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Former United States Secretary of Defense Robert Gates told an audience at Mackey Auditorium on Tuesday night that it is imperative in the fight against radical Islamic terrorism that this country's leadership not demonize the religion. "They isolate those...

Robert Gates at CU Boulder: don't demonize Islam in fight against terrorism

Former United States Secretary of Defense Robert Gates told an audience at Mackey Auditorium on Tuesday night that it is imperative in the fight against radical Islamic terrorism that this country's leadership not demonize the religion. "They isolate those...

Robert Gates at CU Boulder: don't demonize Islam in fight against terrorism

Former United States Secretary of Defense Robert Gates told an audience at Mackey Auditorium on Tuesday night that it is imperative in the fight against radical Islamic terrorism that this country's leadership not demonize the religion.

"They isolate those people who are our allies," Gates said during a question-and-answer session with University of Colorado Chancellor Phil DiStefano.

Gates was the first speaker as part of the University of Colorado's Leo Hill Distinguished Leadership Speaker Series and took the stand at Mackey Auditorium on the Boulder campus Tuesday night. He spoke about leadership, cybersecurity and his time working in the federal government.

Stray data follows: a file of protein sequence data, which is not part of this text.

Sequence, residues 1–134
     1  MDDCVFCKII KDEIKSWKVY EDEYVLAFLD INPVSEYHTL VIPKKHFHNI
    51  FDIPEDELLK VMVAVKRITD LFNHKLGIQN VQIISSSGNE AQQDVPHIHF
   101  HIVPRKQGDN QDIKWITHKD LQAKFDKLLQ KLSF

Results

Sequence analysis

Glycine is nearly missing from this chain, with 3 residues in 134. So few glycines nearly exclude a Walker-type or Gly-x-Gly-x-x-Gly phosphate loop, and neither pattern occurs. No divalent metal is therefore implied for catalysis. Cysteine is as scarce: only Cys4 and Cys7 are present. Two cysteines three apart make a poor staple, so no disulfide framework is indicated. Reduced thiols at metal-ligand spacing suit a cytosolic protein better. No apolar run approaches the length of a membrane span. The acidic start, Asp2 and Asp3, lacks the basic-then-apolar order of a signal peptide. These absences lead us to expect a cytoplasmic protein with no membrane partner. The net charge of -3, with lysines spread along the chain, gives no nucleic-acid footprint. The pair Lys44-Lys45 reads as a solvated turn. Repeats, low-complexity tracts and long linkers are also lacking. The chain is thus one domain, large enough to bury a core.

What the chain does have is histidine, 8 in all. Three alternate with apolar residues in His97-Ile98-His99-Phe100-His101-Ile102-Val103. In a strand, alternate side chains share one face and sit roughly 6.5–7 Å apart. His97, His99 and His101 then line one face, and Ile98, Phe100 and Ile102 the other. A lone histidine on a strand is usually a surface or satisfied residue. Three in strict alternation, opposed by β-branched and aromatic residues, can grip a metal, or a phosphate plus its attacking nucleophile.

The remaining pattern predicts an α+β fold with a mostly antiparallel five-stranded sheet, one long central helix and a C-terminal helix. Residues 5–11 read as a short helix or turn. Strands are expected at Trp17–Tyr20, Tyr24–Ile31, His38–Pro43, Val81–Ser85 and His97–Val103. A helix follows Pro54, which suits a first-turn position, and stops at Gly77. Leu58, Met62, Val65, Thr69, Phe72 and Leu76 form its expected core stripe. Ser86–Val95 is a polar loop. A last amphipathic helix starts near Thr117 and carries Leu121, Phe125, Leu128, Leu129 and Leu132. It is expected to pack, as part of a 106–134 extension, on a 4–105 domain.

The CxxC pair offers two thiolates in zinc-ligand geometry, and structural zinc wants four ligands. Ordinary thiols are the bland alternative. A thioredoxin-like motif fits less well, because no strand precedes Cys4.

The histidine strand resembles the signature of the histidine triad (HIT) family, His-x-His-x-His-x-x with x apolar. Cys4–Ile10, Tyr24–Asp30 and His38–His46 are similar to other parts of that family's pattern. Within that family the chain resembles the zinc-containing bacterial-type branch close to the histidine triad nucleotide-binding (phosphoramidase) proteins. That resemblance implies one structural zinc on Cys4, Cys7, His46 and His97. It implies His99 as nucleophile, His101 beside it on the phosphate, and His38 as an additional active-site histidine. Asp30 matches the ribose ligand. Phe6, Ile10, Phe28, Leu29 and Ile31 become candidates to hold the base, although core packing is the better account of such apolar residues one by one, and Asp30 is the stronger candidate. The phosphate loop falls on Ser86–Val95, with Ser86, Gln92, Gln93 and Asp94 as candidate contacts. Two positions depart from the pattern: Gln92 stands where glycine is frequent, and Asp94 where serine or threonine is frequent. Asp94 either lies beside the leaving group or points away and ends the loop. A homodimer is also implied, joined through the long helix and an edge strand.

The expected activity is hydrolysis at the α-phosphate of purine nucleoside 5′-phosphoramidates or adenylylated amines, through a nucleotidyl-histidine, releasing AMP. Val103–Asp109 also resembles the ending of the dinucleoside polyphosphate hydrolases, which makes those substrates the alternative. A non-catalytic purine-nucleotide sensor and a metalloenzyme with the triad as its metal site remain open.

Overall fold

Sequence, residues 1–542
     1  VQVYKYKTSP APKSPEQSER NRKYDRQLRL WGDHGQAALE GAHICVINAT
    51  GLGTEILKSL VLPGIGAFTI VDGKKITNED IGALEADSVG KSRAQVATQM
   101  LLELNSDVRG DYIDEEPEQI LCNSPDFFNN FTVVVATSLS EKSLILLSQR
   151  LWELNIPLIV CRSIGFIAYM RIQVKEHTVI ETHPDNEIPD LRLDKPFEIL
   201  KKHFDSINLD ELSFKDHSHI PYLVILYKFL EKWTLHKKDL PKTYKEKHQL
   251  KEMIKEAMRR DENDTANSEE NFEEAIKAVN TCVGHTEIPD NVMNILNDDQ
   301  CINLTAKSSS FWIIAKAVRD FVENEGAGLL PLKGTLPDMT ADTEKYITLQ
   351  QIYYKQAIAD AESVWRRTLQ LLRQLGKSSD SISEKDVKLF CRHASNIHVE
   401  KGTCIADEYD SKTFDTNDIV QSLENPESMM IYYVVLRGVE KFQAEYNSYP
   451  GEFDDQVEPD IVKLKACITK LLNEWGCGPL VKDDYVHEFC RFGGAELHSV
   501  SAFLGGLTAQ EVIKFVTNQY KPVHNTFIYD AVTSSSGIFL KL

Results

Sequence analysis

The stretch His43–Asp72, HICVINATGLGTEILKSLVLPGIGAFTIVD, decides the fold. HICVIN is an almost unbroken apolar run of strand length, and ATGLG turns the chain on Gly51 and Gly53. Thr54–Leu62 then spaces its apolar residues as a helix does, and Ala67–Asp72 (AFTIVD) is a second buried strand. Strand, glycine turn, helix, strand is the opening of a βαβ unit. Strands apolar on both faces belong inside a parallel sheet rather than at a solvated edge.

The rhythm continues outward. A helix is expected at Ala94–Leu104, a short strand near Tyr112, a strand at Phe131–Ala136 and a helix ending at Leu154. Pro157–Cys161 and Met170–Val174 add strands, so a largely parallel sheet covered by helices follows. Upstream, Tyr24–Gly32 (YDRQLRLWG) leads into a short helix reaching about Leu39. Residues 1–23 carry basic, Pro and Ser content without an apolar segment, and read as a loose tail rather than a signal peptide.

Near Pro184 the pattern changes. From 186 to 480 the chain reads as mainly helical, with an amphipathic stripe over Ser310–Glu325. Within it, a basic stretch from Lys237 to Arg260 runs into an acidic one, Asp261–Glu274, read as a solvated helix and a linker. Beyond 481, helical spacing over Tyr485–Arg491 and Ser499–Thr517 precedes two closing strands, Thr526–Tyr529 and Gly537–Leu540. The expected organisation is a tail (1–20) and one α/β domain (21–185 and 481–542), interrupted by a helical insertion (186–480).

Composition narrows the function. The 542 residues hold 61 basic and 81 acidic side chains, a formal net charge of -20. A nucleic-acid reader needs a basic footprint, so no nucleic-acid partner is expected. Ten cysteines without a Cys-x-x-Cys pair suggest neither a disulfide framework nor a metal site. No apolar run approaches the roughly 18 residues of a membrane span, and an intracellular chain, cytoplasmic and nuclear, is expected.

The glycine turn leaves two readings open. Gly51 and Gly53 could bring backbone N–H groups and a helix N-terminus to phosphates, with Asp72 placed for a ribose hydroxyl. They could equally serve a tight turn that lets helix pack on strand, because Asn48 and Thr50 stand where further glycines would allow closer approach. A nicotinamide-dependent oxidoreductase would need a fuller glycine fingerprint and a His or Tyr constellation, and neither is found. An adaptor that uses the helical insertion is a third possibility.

He said that the problem of Islamic terrorism will "be with us for a long time," that the Islamic State is "the son of al-Qaida," and there will be a "son of ISIS." He added that the United States needs to get the threat of terrorism to an acceptable level that allows people to go on with their lives without "distorting our values," and not alienating the Muslim population in the process.

"We need to think very carefully about how we approach those problems," Gates said. "If we make those Muslim families feel like they are not American, that they are different from us, it seems we are literally shooting ourselves in the foot."

Gates recently published "A Passion for Leadership: Lessons on Change and Reform from Fifty Years of Public Service," and he opened his remarks on Tuesday night talking about leadership and what it takes to be a successful leader — courage, vision for a better future, a sense of humor, a like of people and an ability to listen to others and be challenged, to name a few qualities.

"Just because you are high on the organizational ladder and tell people what to do doesn't make you a leader," he said. "It makes you a boss."

Gates retired as Secretary of Defense in 2011 after his appointment to the post in 2006 by President George W. Bush. He was the only secretary of defense in history to be asked to remain in office by a newly elected president — in this case, President Barack Obama.

He was also the director of the Central Intelligence Agency — an agency he started working at in 1966 — taking that position in 1991, as well as serving as president of Texas A&M.

He served as president of the Boy Scouts of America until last year, and it was in the BSA where he met current Secretary of State Rex Tillerson, whom he recommended to President Donald Trump during a tense meeting in New York City late last year. ( Gates penned an editorial in the Wall Street Journal calling Trump unfit to be president, but he said the president was gracious during the meeting.)

During the conversation with DiStefano, the chancellor asked Gates if he had any advice for the new president. Gates laughed, prompting a roll of laughter from the audience.

"I'm not sure we have time," he joked. "The first thing I would tell him is, just put away the tweets. Just get rid of it. As a university president, anything you think of sending at 5 a.m. is a bad idea."

John Bear: 303-473-1355, bearj@dailycamera.com or twitter.com/johnbearwithme

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